NATHAN PETERSON: Hello, and welcome to the December 7 Schwab Market Snapshot. I’m Nathan Peterson sitting in for Randy Frederick. Today, I’m joined by Jeffrey Kleintop, Schwab’s chief global investment strategist, to talk about what we learned from 2016, as it relates to the markets, and what we have to look forward to as we go into 2017. Welcome, Jeff.
JEFF KLEINTOP: Hi, Nate.
NATHAN: So, Jeff, 2016 was an eventful year, and there were certainly some interesting developments on the political front. What stands out to you as you look back on the year?
JEFF: Yeah. Well, you know, it was this wave—this global wave—of populist outcomes for these votes. Whether it was Brexit, or Trump or the Italian referendum this past weekend, it would be easy to extrapolate that kind of anti-establishment trend of vote outcomes to 2017. After all, many of those elections—we’ve got one in France in May and in Germany later in the year—they feature, or are likely to feature, anti-establishment candidates who could usher in a movement to leave the EU, which would cause a financial crisis. And I think it would be wrong, however, to just extrapolate that outcome. And one of the main reasons is the elections are very different next year.
If you take a look at Germany, for example, Chancellor Angela Merkel’s party leads the anti-establishment opposition by a 20-point margin—so it’s really not close. And so, you know, I don’t—you know, we know not to trust polls, right? We definitely learned that about 2016. But we’re not talking about two or three points, we’re talking about 20. So it doesn’t look like the outcomes are going to be the same in France and Germany—these outlier populist anti-establishment outcomes.
But it doesn’t mean the market isn’t going to react in a similar way, right? It may sell off ahead of those elections, or votes, only to then respond and rally once we got the election outcomes, following the same pattern we saw in 2016. But that could mean rough sledding for the next six to nine months in Europe as we head into those elections, even if, ultimately, the outcomes remain in the somewhat more established vein.
NATHAN: So perhaps some volatility may be encountered around those elections dates for European stocks. What else stands out to you in 2016? How should investors interpret the current global economic climate?
JEFF: It’s very different than it was going into 2016. Then, the world economy was slowing down. Leading indicators were slowing and indeed, the economy did globally slow down a good bit in the first half of 2016—but it turned around and picked up in the second half. We can see that in leading indicators, in manufacturing, many areas. And, in fact, we’re increasing—we’re getting better, accelerating momentum as we head into 2017—very different than a year ago.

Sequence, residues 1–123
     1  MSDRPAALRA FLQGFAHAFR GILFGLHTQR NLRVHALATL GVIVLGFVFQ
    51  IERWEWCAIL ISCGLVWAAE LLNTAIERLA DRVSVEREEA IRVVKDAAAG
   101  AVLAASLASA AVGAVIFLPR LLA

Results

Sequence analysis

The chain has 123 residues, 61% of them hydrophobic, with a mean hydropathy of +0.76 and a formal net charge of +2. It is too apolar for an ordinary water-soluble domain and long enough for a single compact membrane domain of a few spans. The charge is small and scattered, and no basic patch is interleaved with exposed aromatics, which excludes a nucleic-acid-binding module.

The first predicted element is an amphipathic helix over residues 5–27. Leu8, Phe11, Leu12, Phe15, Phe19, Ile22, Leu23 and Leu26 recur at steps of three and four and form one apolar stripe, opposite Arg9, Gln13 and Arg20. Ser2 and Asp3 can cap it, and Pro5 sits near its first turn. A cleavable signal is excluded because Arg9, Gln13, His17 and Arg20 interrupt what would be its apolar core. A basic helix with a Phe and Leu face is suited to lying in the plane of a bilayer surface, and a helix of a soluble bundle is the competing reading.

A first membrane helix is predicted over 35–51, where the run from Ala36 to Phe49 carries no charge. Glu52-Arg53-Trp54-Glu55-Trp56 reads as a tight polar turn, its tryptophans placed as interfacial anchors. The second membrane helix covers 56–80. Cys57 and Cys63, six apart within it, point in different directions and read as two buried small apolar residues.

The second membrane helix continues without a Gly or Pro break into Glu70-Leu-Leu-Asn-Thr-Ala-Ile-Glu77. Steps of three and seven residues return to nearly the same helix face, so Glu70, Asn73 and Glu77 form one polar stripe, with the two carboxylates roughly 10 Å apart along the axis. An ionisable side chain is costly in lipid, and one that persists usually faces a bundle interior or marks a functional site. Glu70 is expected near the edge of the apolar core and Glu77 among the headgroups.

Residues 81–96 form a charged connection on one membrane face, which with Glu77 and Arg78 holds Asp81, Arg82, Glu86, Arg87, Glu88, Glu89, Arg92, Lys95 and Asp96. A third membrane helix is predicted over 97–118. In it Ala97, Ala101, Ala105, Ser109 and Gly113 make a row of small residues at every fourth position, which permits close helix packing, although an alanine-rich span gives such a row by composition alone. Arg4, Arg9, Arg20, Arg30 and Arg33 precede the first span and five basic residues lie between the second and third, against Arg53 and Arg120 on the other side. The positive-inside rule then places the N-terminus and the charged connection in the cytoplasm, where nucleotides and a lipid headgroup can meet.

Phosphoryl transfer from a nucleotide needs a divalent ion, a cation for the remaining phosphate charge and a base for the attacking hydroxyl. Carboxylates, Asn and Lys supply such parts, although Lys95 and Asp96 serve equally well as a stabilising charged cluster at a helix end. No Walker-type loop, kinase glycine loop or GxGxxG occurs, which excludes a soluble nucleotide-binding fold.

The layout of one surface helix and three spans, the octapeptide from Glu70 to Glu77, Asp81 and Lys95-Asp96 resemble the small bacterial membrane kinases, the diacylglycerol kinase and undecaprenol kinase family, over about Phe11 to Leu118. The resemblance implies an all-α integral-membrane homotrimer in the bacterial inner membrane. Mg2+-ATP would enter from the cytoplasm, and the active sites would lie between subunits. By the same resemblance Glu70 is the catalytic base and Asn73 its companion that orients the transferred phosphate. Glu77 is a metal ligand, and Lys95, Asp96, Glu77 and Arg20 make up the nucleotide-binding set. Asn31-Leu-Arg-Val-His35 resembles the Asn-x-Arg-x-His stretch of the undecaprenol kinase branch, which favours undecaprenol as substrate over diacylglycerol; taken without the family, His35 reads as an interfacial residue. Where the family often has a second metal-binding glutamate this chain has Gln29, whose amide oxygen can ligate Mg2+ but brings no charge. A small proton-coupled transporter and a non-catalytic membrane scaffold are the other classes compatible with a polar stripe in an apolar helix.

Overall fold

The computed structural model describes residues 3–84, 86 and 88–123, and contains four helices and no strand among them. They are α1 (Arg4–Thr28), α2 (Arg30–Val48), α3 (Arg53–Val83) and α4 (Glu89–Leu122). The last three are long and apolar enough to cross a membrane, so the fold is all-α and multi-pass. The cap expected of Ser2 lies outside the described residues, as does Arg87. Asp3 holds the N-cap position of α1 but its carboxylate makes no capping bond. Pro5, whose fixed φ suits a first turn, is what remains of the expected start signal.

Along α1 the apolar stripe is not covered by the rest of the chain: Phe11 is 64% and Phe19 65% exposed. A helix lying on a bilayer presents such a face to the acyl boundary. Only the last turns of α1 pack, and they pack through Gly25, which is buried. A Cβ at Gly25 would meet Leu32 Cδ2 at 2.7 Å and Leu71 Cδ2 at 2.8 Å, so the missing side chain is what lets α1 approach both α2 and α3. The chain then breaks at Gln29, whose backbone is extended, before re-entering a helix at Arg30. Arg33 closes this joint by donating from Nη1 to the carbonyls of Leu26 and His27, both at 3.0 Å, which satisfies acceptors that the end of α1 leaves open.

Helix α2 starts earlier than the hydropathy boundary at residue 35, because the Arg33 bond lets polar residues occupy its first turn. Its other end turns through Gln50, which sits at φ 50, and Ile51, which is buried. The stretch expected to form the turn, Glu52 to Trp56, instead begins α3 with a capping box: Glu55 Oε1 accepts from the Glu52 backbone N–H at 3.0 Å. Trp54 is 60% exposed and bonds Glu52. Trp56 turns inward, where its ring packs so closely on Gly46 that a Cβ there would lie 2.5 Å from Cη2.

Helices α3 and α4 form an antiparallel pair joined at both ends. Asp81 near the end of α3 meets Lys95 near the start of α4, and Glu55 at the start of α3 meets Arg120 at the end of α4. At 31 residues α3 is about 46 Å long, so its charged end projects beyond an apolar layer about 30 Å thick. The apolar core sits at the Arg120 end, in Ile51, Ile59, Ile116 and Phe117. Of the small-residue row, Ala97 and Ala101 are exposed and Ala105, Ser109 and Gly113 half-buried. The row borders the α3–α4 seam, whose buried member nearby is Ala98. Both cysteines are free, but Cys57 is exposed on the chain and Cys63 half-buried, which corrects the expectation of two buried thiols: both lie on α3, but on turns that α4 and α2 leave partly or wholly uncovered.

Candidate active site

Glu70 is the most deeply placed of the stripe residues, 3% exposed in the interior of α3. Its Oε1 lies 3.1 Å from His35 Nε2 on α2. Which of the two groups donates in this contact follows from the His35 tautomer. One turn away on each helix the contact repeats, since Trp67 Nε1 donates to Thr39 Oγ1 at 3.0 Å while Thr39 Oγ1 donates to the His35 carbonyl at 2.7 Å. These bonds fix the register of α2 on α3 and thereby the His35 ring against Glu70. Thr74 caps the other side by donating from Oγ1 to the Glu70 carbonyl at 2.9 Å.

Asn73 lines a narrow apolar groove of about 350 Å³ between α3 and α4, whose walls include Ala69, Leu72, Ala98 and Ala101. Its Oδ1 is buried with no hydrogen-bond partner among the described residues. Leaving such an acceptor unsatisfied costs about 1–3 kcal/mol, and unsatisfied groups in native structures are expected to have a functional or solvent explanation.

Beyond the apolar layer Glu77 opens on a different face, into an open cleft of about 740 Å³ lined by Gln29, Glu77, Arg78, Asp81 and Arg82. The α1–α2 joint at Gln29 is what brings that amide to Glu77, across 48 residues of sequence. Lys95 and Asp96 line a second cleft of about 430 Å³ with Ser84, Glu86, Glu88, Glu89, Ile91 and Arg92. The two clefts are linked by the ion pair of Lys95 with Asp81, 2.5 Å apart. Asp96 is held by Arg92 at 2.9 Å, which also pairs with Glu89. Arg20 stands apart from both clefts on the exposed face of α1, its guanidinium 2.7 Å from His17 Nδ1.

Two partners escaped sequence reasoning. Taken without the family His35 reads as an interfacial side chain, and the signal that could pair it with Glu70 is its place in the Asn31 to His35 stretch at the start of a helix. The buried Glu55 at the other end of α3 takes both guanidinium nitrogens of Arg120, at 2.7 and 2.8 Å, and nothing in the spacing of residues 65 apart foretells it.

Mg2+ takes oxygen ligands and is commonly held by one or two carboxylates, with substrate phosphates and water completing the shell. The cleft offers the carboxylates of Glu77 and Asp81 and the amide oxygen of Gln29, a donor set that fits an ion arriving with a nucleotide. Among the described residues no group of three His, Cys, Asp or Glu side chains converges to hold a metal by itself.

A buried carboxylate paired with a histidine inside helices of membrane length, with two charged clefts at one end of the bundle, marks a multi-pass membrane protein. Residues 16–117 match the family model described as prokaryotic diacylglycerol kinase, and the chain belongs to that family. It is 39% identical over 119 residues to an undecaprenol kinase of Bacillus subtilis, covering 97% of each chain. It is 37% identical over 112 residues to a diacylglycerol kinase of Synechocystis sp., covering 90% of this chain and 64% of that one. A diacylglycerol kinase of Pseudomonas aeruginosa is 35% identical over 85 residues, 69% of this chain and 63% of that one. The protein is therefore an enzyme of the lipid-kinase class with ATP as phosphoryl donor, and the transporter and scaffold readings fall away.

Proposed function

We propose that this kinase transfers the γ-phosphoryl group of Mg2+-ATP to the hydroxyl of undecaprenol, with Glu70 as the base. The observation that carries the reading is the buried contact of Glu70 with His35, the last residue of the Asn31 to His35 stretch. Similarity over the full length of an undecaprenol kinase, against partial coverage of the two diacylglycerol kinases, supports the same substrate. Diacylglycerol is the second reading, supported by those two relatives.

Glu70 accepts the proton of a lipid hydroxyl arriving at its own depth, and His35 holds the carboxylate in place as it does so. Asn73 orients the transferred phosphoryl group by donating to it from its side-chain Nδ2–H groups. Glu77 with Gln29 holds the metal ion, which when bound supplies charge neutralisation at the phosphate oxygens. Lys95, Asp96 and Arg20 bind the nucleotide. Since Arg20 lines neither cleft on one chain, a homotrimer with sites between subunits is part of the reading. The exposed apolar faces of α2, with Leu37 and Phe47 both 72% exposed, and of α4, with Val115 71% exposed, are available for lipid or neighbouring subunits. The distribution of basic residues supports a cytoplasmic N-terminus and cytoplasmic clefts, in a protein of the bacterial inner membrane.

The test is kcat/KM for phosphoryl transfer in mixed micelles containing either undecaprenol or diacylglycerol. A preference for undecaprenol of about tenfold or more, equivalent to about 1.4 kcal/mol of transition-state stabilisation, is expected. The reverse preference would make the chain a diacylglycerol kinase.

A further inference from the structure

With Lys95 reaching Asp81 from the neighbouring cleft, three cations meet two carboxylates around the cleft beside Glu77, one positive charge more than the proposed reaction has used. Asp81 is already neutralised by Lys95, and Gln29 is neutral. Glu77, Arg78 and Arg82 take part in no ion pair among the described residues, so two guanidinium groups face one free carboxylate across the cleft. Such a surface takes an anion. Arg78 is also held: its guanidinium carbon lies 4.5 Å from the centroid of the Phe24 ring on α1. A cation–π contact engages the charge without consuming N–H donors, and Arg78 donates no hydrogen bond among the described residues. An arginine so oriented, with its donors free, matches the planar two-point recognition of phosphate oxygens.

In fact, since the election in the U.S., one of the big economic forecasting groups, the Organization for Economic Cooperation and Development, the OECD, recently went full Oprah and upgraded all the major regions: “You get an upgrade! You get an upgrade! You get an upgrade!” everywhere—the U.S., Europe and Japan, as well. So we’ve got increasing economic momentum we didn’t have a year ago, and that could be good news for profits and help to lift stocks in 2017.
NATHAN: OK, you mentioned Europe and the U.S., but investors typically have questions about China. How do you think they fared this past year, and then what should we look forward to as we go into 2017?
JEFF: Well, like the rest of the global economy, China was slowing a year ago, and there were a lot of concerns. They had just devalued their currency. Their stock market had blown up in late 2015. So there were worries heading into ’16. But, you know, their economy stabilized a little bit, but thanks only really to government intervention. The government put forth a huge infrastructure stimulus program. They spent over a trillion dollars on infrastructure this year to try and shore up economic growth. It worked, but it might slow next year. They might not continue that same pace of infrastructure growth.
We’ve talked in this country about a trillion dollars over 10 years. China did more than that just this year. If they slow down, the rally we’ve seen in infrastructure stocks, in the materials and industrial sector, may suffer a little bit based on that Chinese pullback, even though we might do a bit more than we’ve done in the past. So that’s also something to watch out for 2017. China’s growth stable, but watch out for the industrials and materials sectors that have benefited recently in the rally.
NATHAN: Great perspective, as always. Thanks so much for joining us today, Jeff.
If you have questions and want to read more from Jeff, you can do so by going to the Investing Insights section on Schwab.com. You can also follow him on Twitter @JeffreyKleintop.
We’ll be back next week. Until next time, invest wisely. Own your tomorrow.